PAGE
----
Crabbing has been slow to fair. Clamming has been excellent at low tide.

There has been one report of California halibut being caught up around the highway bridge.

6/16/11 You're sure to catch surf perch right now

It was 48 degrees at sunrise and it's destined to be a spectacular day. Surf perch fishing should be excellent today. Fishermen had good catches Tuesday and Wednesday.

6/10/11 Take your kids fishing

Itís free fishing weekend. Come on out to the Charleston Marina and take a charter, or launch your own boat for bay or ocean fishing. No fishing license required Saturday or Sunday, for the Oregon Department of Fish & Wildlife's annual fishing celebration.

Crabbing has been slow off of the docks and from boats. Matt at Fishermenís Wharf said the bay is warming and getting saltier, so crab should be moving back in. Divers say the bay is full of fish.

Commercial salmon boats are doing well, but catch reports from charters are mixed. Rock fishing, as usual, is excellent. Charters usually have a few open seats if you call a few days in advance.

6/6/2011 Halibut and rockfish are biting

Weekend fishermen reported excellent catches of nearshore rockfish. Charters reported successful halibut trips and seats are open for the June 9-11 weekend. Charters also are scheduling limited salmon trips, but the season really hasnít picked up yet.

Crabbing has been so-so. Clamming should be good on the minus tides through Wednesday.

5/27/2011 Charters have a few seats for holiday weekend trips

Trout fishing opens Saturday, but there still are bay and sea fishing opportunities.

Bad weather forced cancellation of some halibut trips Thursday, but boats went out today for the limited opener. No results on the catch yet today, but itís worth checking with charters to see if they have seats open for Saturday. The average catch has been 22-pound halibut. Charters are filling up for bottom fishing over the three-day weekend, but Charleston boats report a few seats for Saturday and Monday.

Clamming has been good on the low tides and crabbing is decent, too, off the docks and in the bay. Dockside crabbers have been pulling in red rock and keeper Dungeness crab.

Divers say the bay has good numbers of ling cod and black rock fish. White sturgeon and shad are out there in the tidewaters. Remember, you canít keep green sturgeon.

5/18/2011 This is the week to go clamming

Itís an excellent time to go clamming. The weather has been decent Ė partly cloudy and warmish. More importantly, there are minus tides each day this week through Saturday. Today, there were many people clamming in Charleston. Click here for tide tables that include adjustments for each region of Coos Bay ... http://www.charlestonmarina.com/tide.htm. If you donít know how to clam, there are usually folks on the tide flats who would be happy to help you.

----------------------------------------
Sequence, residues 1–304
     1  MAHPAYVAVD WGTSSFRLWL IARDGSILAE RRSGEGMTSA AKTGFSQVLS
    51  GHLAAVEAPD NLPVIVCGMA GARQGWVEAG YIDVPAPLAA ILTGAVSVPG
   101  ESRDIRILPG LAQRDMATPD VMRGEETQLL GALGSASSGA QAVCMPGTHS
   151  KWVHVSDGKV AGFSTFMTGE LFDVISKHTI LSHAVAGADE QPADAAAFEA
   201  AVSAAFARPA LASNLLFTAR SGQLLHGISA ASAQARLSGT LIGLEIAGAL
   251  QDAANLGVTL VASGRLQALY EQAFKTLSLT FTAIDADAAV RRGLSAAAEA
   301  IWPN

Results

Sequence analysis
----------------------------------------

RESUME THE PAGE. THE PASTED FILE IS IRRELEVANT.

5/16/2011 First halibut opener a good one

Charter boat operators say the catch was excellent for the seasonís first three-day halibut opening last weekend. Betty Kayís trips limited all three days, with everyone on the boats catching fish. The largest halibut was 61 pounds. Poor weather deterred some sport boats. The next halibut opening is May 26-28. Charters still are booking seats, but some trips are already full.

Bottom fishing remains good. The ling cod catches are strong. If you havenít ventured out yet due to weather, local fish markets are reporting nearly daily deliveries of ling cod, rock fish and salmon.

Speaking of salmon, Chinook fishing is slow, although halibut fishermen aboard charters out of Charleston caught two over the weekend.

Crabbing is slow. Clamming is excellent thanks to minus tides this week.

4/22/2011 Charters report excellent catches

Ocean fishing is good. Charter boat captains this week reported good catches for ling cod, Cabazon, copper rock and black rockfish. No reports of salmon yet. Charters are scheduling halibut trips for the June opener.

In the bay, itís a good time to start fishing for white sturgeon. Anchovies and sand shrimp are the baits of choice. Shad is due soon, too, in the upper tidewater.

Crabbing is slow off of the docks. No report on people's luck by boat.

Spring is the season to go clamming. There will be minus tides Sunday and Monday, and again mid-month. Pick up free tide books at the Charleston Marina office.

4/22/2011 Fishing Report

Good weather equates to good fishing. Charter boats have reported excellent catches on ling cod and limits on rock fish. Charters are booking trips and scheduling is light, so seats are available for the weekend and next week.

Ocean sport salmon fishing is open. Word is commercial boats are doing OK, but they fish deeper than charters. Some private sport boats are catching a few salmon, but charters are waiting for more success stories before they book salmon trips.